The only other chicken I have ever had sent to me was the one sent when I was born. It’s an Italian custom to be given a live chicken on the birth a child. Us living in England made no difference, we were gifted one regardless. The clucking chicken remained in the holed cardboard box for a few hours while my father, a bit of a softie, sat with it in the shed, bottling up the courage to kill it.
When it was apparent that my father was going to wuss out and release the chicken free across the park over the road, the Italian women in the kitchen–with their firm but agile hands at the ready for plucking and gutting–rolled their eyes at him and one of them grabbed the chicken from the box and gave it a quick and efficient crack at the neck. Better than being mauled by a fox over the park anyway.
Abel & Cole sent me a (free) free range chicken, luckily this time it was already killed, prepared with the giblets inside and surprisingly packed in a polystyrene box with frozen packs around it. Not terribly eco on the surface of it but it is reusable and handy if you are not in and the bird has to stay fresh for a few hours on your doorstep.
For £9.12 you get a 1.7kg bird from a chicken cooperative in Devon, made up of a few free-range farms. Mine was from the Merrifield Farm, and labelled rainforest-friendly which is a bit odd, but I guess that means it was not fed on rainforest destroying soya rather than raveshing the not so famous Devon rainforest.
Yup, this costs more than the price-tempting offers at the supermarket where you can pick up a bird (or two) for well under a fiver. But as skint as I am at the moment, I will never buy the water pumped, anemic chickens, reared in terrible conditions and will always opt for a quality, tasty free range bird. I rarely buy chicken pieces and never just the expensive breasts, I always plump for a whole bird because in my household of two, a decent weight bird is brought back, cut into pieces, trimmed and individually packed for the freezer and will provide us with 3-5 meals and is defiantly more cost effective. The Abel & Cole chicken had the same treatment:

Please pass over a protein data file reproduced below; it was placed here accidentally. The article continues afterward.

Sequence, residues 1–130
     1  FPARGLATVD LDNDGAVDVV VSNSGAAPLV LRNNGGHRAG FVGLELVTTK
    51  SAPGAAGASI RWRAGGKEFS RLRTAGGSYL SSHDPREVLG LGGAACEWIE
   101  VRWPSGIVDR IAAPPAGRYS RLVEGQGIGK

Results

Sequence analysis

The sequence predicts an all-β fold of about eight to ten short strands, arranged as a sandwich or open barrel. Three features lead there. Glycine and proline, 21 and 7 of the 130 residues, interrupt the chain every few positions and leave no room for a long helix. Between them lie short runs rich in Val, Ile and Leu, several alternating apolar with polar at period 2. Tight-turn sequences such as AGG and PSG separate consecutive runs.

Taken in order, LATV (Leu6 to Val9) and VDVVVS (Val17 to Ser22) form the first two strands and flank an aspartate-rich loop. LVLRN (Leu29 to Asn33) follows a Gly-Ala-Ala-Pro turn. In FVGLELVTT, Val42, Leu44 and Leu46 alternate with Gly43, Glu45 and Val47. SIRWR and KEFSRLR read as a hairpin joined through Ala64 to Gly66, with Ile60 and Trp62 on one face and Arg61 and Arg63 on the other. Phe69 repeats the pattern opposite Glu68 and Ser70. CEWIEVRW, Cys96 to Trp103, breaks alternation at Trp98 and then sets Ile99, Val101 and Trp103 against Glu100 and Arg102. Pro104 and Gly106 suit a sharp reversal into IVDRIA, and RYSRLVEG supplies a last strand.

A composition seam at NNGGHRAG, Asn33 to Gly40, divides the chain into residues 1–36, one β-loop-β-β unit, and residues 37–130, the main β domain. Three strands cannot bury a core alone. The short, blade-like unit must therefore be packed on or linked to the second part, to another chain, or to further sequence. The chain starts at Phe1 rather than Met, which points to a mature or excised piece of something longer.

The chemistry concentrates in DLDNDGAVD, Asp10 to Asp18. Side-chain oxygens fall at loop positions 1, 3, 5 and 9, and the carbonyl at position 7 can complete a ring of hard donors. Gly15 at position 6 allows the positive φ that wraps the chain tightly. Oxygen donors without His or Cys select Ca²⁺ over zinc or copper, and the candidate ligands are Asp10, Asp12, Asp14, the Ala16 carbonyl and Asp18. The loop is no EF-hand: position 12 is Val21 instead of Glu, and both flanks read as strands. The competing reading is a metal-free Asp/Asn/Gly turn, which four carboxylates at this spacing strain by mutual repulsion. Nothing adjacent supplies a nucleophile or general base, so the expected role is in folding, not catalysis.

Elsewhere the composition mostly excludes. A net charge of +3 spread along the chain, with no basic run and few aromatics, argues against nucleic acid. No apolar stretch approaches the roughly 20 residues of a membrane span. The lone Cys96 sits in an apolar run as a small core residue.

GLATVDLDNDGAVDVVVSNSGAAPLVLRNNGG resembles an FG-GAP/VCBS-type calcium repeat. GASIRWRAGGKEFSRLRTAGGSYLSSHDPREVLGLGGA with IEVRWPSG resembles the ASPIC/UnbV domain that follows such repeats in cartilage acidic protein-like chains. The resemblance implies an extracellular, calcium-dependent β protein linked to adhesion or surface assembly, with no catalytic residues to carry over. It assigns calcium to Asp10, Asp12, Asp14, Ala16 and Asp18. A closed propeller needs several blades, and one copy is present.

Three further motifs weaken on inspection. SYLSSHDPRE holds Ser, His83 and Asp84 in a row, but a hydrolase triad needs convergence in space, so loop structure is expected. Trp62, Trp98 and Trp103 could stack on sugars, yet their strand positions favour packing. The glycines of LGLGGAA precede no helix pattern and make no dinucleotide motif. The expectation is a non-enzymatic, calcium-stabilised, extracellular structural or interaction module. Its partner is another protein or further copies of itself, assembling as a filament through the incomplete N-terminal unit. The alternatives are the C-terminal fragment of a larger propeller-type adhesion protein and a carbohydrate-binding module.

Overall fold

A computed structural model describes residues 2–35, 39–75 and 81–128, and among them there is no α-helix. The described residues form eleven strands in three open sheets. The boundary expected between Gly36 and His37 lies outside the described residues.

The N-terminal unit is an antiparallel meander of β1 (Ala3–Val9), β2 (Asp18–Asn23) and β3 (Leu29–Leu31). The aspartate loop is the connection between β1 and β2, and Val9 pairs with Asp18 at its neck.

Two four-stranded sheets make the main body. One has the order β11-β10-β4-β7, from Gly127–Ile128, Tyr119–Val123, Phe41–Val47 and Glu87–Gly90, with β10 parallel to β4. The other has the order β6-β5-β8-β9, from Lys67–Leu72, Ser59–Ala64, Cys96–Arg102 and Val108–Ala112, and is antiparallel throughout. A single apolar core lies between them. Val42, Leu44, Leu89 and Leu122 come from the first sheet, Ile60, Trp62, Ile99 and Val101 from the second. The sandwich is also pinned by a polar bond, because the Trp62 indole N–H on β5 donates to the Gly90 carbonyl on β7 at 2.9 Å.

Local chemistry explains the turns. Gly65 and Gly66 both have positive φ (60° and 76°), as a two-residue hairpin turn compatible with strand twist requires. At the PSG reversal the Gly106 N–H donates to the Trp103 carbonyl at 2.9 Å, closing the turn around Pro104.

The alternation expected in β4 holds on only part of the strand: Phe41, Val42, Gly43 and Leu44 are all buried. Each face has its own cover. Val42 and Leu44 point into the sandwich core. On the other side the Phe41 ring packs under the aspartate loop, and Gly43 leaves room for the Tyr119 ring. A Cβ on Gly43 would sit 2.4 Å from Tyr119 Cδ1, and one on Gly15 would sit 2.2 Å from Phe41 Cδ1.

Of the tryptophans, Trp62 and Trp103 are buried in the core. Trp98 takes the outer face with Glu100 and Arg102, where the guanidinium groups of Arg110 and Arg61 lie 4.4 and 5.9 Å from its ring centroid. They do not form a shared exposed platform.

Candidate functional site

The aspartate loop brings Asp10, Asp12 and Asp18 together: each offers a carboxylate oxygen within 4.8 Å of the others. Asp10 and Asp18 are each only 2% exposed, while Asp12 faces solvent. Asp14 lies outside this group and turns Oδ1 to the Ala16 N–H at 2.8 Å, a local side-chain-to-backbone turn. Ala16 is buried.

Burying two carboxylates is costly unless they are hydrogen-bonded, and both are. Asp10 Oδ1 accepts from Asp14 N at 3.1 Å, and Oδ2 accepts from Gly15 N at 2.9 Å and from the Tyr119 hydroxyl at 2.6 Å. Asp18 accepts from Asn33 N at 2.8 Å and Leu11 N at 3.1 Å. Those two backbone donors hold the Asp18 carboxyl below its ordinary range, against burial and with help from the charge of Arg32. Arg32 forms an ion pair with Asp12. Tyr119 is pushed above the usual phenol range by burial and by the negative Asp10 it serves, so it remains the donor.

This then gives me convenient, ready prepped pieces for mid-week (oh, yes, check my organised bad self). Typically, I use the breasts whole and marinated or flattened with a meat mallet and bread crumbed and fried. If we are being really frugal I cut them into a plethora of dishes like curries or stir fries, one fat breast off a decent bird is sometimes enough for two with everything else.
Legs are roasted with lemon, garlic and spiked with thyme or made into a tasty cacciatore stew.
And then you get a carcass and giblets! A carrot, celery, bay leaf and onion and you have a brilliant stock for an endless amount of recipes. If the stock comes out particularly well, I push the carrot, celery and onion through a sieve to puree and pour back into the stock with some finely shredded greens. Tiny little herbed pork meatballs are browned in a frying pan then cooked in the stock and then served with bread balls scattered on the top – the classic Italian Wedding Soup and cure for all ailments.
For this particular A&C chicken, I decided to grill the breast pieces in a recipe from the fabulous new Eagle cookbook, in a simple marinade of lemon, chilli, fresh oregano and black pepper with a touch of truffle oil to taste test this bird.
It was good but to be honest no different to many other good quality free range chickens I’ve tried. It sat happily in the middle of being a tasty, well textured meat, succulent and tender but I would expect that from the price. The chicken felt really firm and muscly when I was portioning it up and must have had some decent exercise.
So yeah, I think the pricier but better chickens are well worth it and if you don’t live near a source or it’s inconvenient to get hold of a free range chicken then Abel & Cole may be a solution for you if you want one delivered or added to your order if you already get a veg box from them.
But to be honest, as this chicken simply met my expectations and I can easily get good free range birds locally, and probably for a smidge cheaper, I’ll personally be sticking with those.